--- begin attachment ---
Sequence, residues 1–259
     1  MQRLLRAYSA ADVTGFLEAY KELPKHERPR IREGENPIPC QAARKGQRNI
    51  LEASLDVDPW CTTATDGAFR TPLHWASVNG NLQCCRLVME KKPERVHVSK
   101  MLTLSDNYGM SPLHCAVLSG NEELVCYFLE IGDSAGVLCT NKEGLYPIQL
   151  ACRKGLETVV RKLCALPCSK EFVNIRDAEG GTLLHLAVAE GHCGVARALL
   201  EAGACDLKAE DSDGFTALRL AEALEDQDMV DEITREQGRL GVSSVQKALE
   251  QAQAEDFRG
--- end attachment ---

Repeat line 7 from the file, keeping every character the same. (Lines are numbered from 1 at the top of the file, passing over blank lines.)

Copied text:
   251  QAQAEDFRG